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 In an alleyway in London’s Camden Market, a woman in ripped black jeans and fingerless gloves fiddles with an iPad screen. Like most shopkeepers in this area, Emma Peonia usually sells clothes to tattooed youngsters paying with debit cards or cash but, for the first time, she is using a Chinese payments app to sell an Iron Maiden T-shirt.

在伦敦卡姆登市场(Camden Market,见文首照片)的一条巷子里,一名身着黑色破洞牛仔裤、手戴露指手套的女性在iPad屏幕上不停摆弄。和这里的大多数店主一样,埃玛?皮奥尼亚(Emma Peonia)通常把衣服卖给文身的年轻人,他们用借记卡或者现金支付。但现在,她第一次用一款中国支付应用来卖一件Iron Maiden乐队T恤衫。
“My boss thought it would be useful — she has just created a new website,” she says. “She wants to sell more to Chinese tourists.”
WeChat, the popular Chinese messaging app owned by technology group Tencent, launched its payment service, WeChat Pay, in the UK on Wednesday. It is hoping that more shops like Ms Peonia’s will use it to target Chinese consumers, who last year spent £513m in the UK, according to Visit Britain, the tourism body.
中国科技集团腾讯旗下广受欢迎的消息应用微信(WeChat)本周三在英国推出了微信支付(WeChat Pay)服务。微信希望有更多店铺能像皮奥尼亚的店铺那样,使用微信支付来吸引中国消费者。根据旅游机构Visit Britain的统计,去年中国消费者在英国花费了5.13亿英镑。
As part of a modernisation push by its owners, Camden Market will ask more than 1,000 shops and restaurants to sign up to the app over the next four months, so that people with Chinese bank accounts linked to WeChat can shop in the market using their smartphones.
The idea is to replicate a system that Alipay, the rival Chinese payment app, has already implemented in the Harrods and Selfridges department stores. “In terms of the Chinese market it just offers a very good opportunity to us,” said Ceri Davies, operations director at Camden Market. “They’re currently super attracted by the likes of Selfridges and Harrods and the more ways there are of paying, the better.”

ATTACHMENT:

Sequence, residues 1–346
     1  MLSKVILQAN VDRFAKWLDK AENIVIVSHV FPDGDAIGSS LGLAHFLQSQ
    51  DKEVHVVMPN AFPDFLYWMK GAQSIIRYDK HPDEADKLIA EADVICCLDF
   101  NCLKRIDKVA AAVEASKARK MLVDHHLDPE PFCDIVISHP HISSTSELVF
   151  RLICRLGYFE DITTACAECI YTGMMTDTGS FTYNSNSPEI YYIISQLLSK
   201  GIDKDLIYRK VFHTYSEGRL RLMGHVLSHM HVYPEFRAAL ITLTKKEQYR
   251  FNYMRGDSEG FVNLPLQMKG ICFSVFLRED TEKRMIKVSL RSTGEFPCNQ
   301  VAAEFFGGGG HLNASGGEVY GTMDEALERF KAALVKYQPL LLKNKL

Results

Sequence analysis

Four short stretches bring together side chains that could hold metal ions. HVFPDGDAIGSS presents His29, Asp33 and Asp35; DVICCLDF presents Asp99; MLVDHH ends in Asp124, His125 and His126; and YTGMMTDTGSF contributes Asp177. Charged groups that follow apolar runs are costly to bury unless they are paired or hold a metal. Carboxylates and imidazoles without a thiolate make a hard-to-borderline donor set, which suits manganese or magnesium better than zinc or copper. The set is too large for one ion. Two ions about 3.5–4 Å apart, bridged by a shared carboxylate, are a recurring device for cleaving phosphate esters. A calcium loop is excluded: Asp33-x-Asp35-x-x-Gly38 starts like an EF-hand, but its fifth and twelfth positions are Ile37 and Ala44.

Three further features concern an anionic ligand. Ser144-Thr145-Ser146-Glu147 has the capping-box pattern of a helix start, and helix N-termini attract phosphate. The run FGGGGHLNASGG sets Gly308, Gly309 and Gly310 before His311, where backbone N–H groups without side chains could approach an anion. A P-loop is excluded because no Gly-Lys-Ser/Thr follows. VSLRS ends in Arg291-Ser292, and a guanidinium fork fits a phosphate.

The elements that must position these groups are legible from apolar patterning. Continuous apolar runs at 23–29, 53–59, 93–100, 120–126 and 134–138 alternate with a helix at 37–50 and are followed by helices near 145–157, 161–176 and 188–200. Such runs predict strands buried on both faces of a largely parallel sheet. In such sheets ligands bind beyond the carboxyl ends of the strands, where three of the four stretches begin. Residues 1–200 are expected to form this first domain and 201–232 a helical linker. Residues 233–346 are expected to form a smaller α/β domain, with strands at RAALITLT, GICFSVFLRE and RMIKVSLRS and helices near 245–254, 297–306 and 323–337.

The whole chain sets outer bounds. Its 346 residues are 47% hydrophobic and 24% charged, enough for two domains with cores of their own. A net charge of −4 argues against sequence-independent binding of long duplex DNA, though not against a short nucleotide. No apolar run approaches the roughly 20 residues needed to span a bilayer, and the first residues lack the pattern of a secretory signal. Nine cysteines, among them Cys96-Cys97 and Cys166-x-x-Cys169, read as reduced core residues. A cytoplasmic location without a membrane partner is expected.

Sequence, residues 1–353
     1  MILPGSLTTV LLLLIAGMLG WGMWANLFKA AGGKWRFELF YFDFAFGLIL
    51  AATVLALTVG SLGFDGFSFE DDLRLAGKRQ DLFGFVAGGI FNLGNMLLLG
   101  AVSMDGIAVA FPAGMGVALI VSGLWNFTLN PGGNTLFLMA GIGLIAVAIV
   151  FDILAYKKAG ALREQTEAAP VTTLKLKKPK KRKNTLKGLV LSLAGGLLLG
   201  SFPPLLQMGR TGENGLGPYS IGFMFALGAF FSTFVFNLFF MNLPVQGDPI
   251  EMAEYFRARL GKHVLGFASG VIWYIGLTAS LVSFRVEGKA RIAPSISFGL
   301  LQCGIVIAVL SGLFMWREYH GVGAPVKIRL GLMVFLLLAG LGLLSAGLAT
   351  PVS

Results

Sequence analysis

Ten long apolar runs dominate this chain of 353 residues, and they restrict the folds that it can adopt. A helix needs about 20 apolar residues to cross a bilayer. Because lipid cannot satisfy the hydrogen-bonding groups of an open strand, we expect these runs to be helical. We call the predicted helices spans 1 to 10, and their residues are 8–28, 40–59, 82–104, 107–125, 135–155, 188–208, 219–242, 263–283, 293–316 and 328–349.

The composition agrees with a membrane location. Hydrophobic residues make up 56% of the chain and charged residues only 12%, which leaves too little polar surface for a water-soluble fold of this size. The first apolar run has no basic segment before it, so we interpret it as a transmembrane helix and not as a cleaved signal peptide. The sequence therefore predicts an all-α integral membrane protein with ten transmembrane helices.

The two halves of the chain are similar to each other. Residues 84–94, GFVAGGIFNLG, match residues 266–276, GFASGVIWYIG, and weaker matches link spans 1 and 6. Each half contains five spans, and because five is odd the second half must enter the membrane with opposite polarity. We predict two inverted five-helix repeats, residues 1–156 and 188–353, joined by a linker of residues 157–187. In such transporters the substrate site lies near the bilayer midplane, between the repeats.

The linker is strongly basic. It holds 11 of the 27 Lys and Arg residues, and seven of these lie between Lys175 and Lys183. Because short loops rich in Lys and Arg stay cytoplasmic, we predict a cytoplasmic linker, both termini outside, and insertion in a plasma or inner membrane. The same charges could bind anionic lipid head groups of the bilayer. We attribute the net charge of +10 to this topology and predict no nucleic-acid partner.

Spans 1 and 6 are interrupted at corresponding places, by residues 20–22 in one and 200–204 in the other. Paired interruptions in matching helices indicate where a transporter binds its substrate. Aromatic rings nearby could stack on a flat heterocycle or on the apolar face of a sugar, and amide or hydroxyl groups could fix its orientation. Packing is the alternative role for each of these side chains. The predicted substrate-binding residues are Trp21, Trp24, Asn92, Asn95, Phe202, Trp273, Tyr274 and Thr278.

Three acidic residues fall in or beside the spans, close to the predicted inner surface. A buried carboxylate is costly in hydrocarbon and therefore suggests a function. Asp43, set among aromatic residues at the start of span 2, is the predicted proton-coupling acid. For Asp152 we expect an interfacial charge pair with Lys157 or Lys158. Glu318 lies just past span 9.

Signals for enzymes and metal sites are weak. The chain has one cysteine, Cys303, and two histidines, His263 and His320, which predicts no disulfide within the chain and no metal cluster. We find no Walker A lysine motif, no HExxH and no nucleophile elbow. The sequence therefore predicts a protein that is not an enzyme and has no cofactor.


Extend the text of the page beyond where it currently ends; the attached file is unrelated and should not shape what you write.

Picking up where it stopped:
这是为了复制微信支付的对手支付宝(Alipay)在哈罗德百货(Harrods)和塞尔福里奇百货(Selfridges)铺设的支付系统。“在中国消费者市场方面,这给了我们绝佳的机会。”卡姆登市场的运营总监凯里?戴维斯(Ceri Davies)说,“他们现在很受像塞尔福里奇百货和哈罗德百货这样的购物场所吸引,支付方式越多越好。”
Tencent has already rolled out its payment platform — known in China as WeixinPay — around the world but this is its first foray into the UK. It is mainly targeting Chinese tourists, who can use their phones to pay while on holiday.
It launched its payments system a decade after Alipay — which is run by Ant financial, an affiliate of Tencent’s biggest rival, Alibaba — but has since taken a 37 per cent slice of China’s market. The WeChat messaging app is ubiquitous in the country and has 980m monthly active users around the world. Users outside the home markets are mainly overseas Chinese or those with business or other connections in the mainland, for whom it is often the only way to communicate.
腾讯推出微信支付的时间要比支付宝晚10年,但自推出以来微信支付已占据中国市场37%的份额。支付宝的运营者则是腾讯最大的竞争对手之一阿里巴巴(Alibaba)旗下的关联公司蚂蚁金服(Ant financial)。作为一款消息应用,微信在国内得到广泛使用,其在世界范围内的月度活跃用户数量达到9.8亿。中国市场以外的微信用户主要是海外的中国人,以及与中国内地有商业或其他往来的人士。对后者而言,微信通常是与内地联系的唯一方式。
“Our primary focus is to better serve Chinese outbound tourists,” Tencent said.
WeChat’s messaging service is one of a number of rivals to more popular services, such as WhatsApp.
In Camden Market, shops that use WeChat will spend between 0.6 per cent and 2 per cent on commissions to SafeCharge, the London-listed payments company that will handle the transactions with Tencent. For smaller shops the costs will be greater than the 1.35 per cent paid to iZettle, the payments provider but, according to David Avgi, chief executive of SafeCharge, the idea is for shops to build their reputations with Chinese shoppers.
在卡姆登市场,使用微信支付的店铺需要向伦敦上市支付公司SafeCharge支付0.6%到2%的佣金,SafeCharge将处理与腾讯的交易。对于规模较小的店铺而言,使用微信支付的佣金花费会超过支付服务提供商iZettle向它们收取的1.35%的佣金费率。但SafeCharge首席执行官戴维?阿夫吉(David Avgi)表示,使用微信支付是为了让这些店铺在中国购物者中建立声誉。
“For some of the retailers it’s a very attractive market, Chinese shoppers or foreigners sending money to Chinese accounts,” he said. “The plan is not just Camden. Selfridges, Harrods, they’re all next.”



Currently, 10 per cent of Camden Market’s visitors are Chinese but the figure has grown rapidly, says Mr Davies. The proportion in September last year was only 5 per cent.

Some shopkeepers are sceptical: “I’ve never heard of anyone coming and asking to pay by WeChat,” says Davey, who works in a fashion boutique in Camden market. “To be honest there aren’t even so many Chinese people here and, if there are and we tell them we don’t have something, they would find another way to pay.”


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